Posted: July 31, 2017

This summary is centered around the experiences of the SFS students on our multi-day trek through the Tang valley. Firstly, we started off with a two-hour hike to our first campsite, where we had the opportunity to explore ruins of an ancient Dzong. The ruins were so captivating to witness up close, apparently the chieftain of this Dzong was a key member in trade with the Tibetans. According to local folklore this tribal lord was a wicked man in Bhutanese oral tradition. He challenged a local saint by the name of Pema Lingpa to perform a miracle in front of him, to prove his holiness. So, the two went to a nearby lake so Pema Lingpa could demonstrate his powers. By this time a large crowd had started to form around the two and from the tip of a sword Pema Lingpa jumped into the lake with a burning butter lamp. When he surfaced the lamp was still burning and with him he held a small coffin. Inside the coffin was a small golden statue of Buddha, this solidified Pema Lingpa as a Bhutanese prophet. The chieftain was so humiliated that he fled his Dzong and local legend has it left a large container full of gunpowder there with a burning incense in the middle of the gunpowder. The blast could be heard for miles and that is how the ruins came to be.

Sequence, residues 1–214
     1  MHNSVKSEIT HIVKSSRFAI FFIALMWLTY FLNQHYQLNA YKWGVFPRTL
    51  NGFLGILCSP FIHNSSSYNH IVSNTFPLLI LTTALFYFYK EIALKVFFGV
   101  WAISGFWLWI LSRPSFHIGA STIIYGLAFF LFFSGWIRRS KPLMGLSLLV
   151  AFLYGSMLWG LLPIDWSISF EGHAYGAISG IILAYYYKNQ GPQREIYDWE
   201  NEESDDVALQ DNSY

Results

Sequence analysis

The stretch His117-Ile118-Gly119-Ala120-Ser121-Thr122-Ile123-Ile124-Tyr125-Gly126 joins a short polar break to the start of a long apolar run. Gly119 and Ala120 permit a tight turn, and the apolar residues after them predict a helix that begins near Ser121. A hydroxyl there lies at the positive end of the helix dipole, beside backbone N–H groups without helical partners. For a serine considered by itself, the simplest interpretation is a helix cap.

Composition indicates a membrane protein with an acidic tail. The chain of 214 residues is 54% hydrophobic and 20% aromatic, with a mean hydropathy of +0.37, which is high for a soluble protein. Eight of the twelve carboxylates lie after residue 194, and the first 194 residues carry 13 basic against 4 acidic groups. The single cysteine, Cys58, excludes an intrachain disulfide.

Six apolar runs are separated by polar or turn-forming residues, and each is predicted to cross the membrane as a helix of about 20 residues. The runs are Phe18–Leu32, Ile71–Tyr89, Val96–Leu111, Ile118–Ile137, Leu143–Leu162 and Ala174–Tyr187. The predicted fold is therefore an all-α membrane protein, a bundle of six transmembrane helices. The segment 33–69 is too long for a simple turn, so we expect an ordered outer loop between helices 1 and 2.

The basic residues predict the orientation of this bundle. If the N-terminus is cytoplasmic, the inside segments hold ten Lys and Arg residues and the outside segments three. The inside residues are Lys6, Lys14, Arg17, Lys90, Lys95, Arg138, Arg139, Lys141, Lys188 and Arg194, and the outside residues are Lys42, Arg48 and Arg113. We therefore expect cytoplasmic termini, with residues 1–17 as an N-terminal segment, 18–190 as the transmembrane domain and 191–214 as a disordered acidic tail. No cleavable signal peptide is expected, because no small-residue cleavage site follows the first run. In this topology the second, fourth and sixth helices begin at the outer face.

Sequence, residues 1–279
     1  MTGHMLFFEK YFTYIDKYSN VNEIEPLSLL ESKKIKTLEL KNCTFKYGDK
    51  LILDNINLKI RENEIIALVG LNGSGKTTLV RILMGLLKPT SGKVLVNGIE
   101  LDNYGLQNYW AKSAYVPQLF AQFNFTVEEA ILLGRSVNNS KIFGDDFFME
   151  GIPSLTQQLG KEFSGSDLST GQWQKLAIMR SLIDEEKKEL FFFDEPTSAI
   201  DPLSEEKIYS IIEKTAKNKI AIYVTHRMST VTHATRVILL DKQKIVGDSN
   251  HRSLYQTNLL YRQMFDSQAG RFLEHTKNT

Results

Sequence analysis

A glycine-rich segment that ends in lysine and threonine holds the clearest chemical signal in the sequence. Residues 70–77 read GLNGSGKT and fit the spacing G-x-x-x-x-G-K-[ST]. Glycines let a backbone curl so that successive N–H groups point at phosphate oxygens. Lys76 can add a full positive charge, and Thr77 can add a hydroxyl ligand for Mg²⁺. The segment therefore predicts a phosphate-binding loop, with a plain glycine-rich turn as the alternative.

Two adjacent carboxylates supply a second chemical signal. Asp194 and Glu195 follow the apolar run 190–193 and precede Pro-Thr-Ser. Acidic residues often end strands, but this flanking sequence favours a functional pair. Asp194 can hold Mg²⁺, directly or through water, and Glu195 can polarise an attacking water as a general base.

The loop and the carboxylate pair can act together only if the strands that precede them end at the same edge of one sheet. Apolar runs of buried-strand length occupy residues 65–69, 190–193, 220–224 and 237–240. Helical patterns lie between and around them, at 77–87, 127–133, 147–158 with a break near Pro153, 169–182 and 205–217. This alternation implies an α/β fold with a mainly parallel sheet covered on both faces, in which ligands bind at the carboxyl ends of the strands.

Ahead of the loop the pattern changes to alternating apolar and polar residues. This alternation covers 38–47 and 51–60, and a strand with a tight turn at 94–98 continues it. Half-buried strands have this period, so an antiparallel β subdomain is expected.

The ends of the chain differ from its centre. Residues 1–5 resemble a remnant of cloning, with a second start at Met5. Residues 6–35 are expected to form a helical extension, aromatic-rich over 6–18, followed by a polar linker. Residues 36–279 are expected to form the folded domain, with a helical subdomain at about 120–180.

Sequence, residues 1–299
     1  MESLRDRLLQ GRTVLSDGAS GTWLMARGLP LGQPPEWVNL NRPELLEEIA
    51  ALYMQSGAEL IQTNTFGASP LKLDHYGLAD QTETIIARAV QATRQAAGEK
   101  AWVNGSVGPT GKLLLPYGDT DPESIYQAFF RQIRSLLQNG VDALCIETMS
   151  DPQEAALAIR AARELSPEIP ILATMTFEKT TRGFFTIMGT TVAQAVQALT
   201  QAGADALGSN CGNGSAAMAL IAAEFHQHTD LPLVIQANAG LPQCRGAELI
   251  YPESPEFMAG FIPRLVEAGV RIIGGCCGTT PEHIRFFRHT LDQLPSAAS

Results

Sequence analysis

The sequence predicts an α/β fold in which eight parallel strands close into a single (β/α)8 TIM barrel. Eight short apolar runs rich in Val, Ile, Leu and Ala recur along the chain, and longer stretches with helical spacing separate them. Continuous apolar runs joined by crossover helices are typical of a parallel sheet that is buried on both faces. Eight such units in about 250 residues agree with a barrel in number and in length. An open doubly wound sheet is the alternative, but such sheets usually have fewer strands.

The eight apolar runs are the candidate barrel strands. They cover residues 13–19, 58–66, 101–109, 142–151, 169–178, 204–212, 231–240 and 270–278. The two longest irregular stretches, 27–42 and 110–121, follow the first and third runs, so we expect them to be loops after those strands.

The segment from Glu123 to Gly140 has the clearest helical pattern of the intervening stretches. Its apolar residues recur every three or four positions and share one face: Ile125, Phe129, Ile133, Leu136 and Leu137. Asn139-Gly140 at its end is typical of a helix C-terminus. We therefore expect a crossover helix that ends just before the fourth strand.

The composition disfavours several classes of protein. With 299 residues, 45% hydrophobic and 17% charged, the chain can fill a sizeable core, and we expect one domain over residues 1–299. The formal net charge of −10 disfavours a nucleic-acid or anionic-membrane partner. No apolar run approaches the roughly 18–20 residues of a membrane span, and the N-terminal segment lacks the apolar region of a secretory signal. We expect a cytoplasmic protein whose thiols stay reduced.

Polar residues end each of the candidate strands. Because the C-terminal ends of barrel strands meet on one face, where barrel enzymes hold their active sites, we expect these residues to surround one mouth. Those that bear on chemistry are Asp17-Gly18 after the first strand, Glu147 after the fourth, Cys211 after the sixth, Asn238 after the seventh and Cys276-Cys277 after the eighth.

Next, after our first night in the Tang valley, we woke up to start our longest part of the trek, a 12-mile excursion to our second and final campsite. This was a rewarding but challenging hike through nature. The day started off with bright blue skies, but being in the Himalayas the weather can change rapidly. So, after about an hour into our trek the skies turn grey and the rain began. Fortunately, everyone either had rain gear or an umbrella with them to counteract the impact of the rain. Needless to say, when we arrived at our campsite, I had the best cup of milk tea of my life! Finally, after having a delicious breakfast we started the last part of our trip to the formal residence of Ogyen Choling, a historical palace of an influential family. Here we had the pleasure of receiving a tour of a local museum that the residence had been turned into a few years back. Moreover, I had the chance to browse through a couple of Bhutanese books sitting out. I found Dr. Karma Phuntsho’s book Mipham’s Dialectics and the Debates on Emptiness: To be, not to be or neither. Dr. Phuntsho was a guest lecturer that we had the honor to listen to in Thimphu about the political system of Bhutan.

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